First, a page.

How to Exercise with Diabetes

How a physically active lifestyle can help with diabetes

When you are a diabetic and you don’t take care of yourself,you can expose yourself to a host of negative long-term health problems. However, if you’re living with diabetes, there are a few things you can do to battle this.

By taking prescribed medications and eating a healthy diet, you can go a long way toward controlling your blood sugar highs and lows. But there is much more you can do if you want maximum control over your diabetes. A good place to start is to consult a personal trainer to get you started with some basic exercises.

Diabetes is no excuse to stay away from the gym. In fact diabetes is a excellent reason to seek regular physical activity. Exercising with diabetes, however, does present unique challenges. Here’s what you should know.

Why Exercise with diabetes 

This is the good news for diabetics: physical activity helps lower your blood glucose levels and improves the way your body uses insulin. It also lowers blood pressure, bad cholesterol, and your risk of heart disease, stroke, and nerve damage. Exercise helps you lose weight; gives you more energy; keeps your bones, joints, and heart strong; and reduces your stress level. in other words: It is awesome !

Perhaps you’re a borderline type 2 diabetic. S This is my advice, start exercising! Studies have shown that losing five to seven percent of your body weight 5 to 8 kilo’s if you weigh around 100 Kg) may delay the onset of the disease or prevent it altogether. Yes, exercise is the body’s own medication.

So what Exercises you do when you have diabetes ?

Are you unsure what type of exercise safe for a diabetic?  Not to worry, Unless you have complications from diabetes (eye problems, kidney disease, heart disease, or foot problems) or high ketone levels in your blood or urine, exercise is safe. I am not suggesting you start cross fitting yourself into a fit just yet. Start off with 30 minutes of aerobic exercise (brisk walking, hiking, swimming, bicycling, or dancing) each week. Strength exercises have shown to be very beneficial. (hand weights, weight machines, elastic bands). try training with your personal trainer two to three times each week.

How should you Exercise

Diabetics must take certain precautions when it comes to exercise. Before beginning a new exercise program it is a good idea to talk with your doctor. That allows you to get the education you need on how and when to exercise and whether you’ll need to adjust your medications before exercising.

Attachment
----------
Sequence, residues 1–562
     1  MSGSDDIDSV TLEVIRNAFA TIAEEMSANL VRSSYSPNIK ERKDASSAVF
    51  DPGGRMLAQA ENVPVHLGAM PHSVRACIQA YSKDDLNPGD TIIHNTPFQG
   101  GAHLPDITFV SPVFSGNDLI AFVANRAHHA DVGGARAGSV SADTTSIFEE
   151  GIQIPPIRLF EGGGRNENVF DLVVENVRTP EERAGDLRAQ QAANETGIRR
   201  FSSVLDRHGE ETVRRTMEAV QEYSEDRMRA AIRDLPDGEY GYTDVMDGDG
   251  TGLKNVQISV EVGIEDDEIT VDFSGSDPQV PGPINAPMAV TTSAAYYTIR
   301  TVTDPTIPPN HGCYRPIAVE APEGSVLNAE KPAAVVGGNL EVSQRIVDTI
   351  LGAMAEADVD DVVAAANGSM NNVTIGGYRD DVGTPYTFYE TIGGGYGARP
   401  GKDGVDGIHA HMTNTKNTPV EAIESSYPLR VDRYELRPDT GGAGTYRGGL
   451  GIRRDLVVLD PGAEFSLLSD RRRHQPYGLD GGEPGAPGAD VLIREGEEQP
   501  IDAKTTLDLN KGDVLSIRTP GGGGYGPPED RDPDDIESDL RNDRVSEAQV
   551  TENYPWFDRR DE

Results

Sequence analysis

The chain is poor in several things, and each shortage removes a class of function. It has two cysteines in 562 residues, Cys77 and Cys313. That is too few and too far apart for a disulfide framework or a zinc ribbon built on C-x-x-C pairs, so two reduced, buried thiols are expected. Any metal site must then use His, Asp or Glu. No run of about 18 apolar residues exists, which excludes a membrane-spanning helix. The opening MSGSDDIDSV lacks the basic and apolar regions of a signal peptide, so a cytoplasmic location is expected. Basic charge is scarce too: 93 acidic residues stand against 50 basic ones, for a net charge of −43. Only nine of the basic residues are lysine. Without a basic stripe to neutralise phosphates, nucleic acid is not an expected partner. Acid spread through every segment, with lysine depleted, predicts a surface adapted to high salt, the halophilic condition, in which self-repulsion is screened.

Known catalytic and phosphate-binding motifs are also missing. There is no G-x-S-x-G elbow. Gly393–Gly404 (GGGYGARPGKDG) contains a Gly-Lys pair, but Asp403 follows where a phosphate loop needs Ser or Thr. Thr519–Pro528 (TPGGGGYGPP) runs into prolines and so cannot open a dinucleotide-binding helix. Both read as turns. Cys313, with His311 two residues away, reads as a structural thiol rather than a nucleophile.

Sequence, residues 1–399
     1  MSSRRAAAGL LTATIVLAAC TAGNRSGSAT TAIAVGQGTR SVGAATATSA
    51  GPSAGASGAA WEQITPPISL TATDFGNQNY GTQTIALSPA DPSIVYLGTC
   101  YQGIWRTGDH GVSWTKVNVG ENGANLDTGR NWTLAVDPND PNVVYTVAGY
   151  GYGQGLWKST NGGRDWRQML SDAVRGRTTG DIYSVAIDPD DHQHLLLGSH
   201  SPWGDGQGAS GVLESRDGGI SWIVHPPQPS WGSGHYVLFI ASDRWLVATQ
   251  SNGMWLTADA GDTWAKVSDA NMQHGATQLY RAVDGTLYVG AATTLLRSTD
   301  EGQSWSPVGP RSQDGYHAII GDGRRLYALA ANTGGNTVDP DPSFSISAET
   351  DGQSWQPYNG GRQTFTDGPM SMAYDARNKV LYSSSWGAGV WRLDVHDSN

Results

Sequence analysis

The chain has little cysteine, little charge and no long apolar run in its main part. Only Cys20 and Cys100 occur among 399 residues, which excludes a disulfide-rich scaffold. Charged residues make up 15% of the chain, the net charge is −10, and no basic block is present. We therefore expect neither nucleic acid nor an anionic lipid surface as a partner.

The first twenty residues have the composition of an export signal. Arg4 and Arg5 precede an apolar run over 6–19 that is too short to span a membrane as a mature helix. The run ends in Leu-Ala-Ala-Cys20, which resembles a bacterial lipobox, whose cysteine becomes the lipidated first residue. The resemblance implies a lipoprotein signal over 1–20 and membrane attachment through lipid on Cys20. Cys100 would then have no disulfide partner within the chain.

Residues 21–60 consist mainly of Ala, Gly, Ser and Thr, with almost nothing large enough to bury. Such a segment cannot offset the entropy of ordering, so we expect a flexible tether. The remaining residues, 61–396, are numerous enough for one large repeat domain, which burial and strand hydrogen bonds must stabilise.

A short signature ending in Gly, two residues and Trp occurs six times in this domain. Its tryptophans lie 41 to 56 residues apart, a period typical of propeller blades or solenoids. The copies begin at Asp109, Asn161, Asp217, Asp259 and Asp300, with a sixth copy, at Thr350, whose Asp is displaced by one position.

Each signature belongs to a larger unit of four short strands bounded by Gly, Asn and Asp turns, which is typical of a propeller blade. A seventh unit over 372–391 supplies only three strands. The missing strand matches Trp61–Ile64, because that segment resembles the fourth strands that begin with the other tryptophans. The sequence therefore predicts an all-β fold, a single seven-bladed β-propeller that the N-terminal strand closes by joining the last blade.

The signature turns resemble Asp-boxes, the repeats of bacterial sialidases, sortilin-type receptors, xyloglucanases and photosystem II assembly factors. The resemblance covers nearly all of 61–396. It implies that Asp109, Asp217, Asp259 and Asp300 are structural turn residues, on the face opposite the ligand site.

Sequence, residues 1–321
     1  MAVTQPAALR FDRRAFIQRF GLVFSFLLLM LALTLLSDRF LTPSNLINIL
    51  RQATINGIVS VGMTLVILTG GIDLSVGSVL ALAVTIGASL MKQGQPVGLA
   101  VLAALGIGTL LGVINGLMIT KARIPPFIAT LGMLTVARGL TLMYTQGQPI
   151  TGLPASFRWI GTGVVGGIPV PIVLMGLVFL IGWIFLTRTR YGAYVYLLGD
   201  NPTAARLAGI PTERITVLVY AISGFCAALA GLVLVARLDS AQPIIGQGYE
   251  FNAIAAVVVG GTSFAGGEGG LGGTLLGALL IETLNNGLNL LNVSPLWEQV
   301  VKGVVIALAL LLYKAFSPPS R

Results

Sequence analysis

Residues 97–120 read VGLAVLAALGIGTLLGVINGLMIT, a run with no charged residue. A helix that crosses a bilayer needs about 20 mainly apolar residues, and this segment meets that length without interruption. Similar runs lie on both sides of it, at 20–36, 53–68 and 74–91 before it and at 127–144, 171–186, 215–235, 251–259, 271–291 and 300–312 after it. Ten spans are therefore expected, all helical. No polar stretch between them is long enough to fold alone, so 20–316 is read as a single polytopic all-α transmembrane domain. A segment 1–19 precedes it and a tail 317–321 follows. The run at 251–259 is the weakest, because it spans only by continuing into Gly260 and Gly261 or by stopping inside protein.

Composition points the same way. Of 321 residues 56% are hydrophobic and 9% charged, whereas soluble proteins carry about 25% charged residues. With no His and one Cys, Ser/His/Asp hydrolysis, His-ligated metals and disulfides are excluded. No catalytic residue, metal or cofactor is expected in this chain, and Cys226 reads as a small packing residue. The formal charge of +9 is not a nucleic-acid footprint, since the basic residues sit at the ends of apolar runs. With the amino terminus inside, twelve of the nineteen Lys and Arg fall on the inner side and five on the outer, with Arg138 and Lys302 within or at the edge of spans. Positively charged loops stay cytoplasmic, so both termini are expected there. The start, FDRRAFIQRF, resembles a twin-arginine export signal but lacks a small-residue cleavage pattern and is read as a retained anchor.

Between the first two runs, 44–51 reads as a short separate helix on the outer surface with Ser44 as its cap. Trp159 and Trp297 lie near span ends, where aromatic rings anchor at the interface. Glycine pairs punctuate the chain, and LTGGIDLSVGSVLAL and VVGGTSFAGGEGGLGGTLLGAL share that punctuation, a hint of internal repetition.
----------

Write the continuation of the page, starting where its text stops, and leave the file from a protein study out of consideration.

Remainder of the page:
If you have type 1 diabetes and your blood glucose levels are high and your insulin levels are too low, your body will produce chemicals call ketones. A high level of ketones in your blood or urine will make you sick. Exercising with high levels of ketones can make your blood glucose level even higher. Therefore, avoid high intensity exercise if your ketone level is high.

On the other hand, if you have type 2 diabetes with a high blood glucose level and no ketones in your blood or urine, light to moderate intensity exercise may actually work to lower your glucose levels.

Are there any risks ?

It is important to learn how your body reacts during exercise. Low blood glucose levels can be a concern. If you take insulin or medications that cause low levels, it’s important to track your blood glucose levels before, during, and after exercise. These records will show you how your body reacts to physical activity so you’ll be able to prevent dangerous blood glucose fluctuations.

If low glucose levels are a risk for you, wear your medical ID bracelet and keep glucose tablets or fruit juice handy for a quick sip. Jelly beans are great for a quick sugar hit to.  Also remember that low glucose levels can hang around or show up hours after you’re done working out.

Need some guidelines to follow when it comes to exercise and blood sugar levels? No worries, here we go

Lower than 100 mg/dL: Too low to exercise. Eat a high-carb snack (fruit or crackers) before working out or after working out if levels are low following exercise.

100–250 mg/dL: A safe range prior to exercise.

250+ mg/dL: Take precautions. Take a urine sample and test for ketones. Don’t exercise until your ketone level is normal.

300+ mg/dL: Dangerous to exercise. Wait until your glucose level drops before working out.

That’s it for now, remember small steps can lead to big changes. The trainers of MarionPT are here to help.

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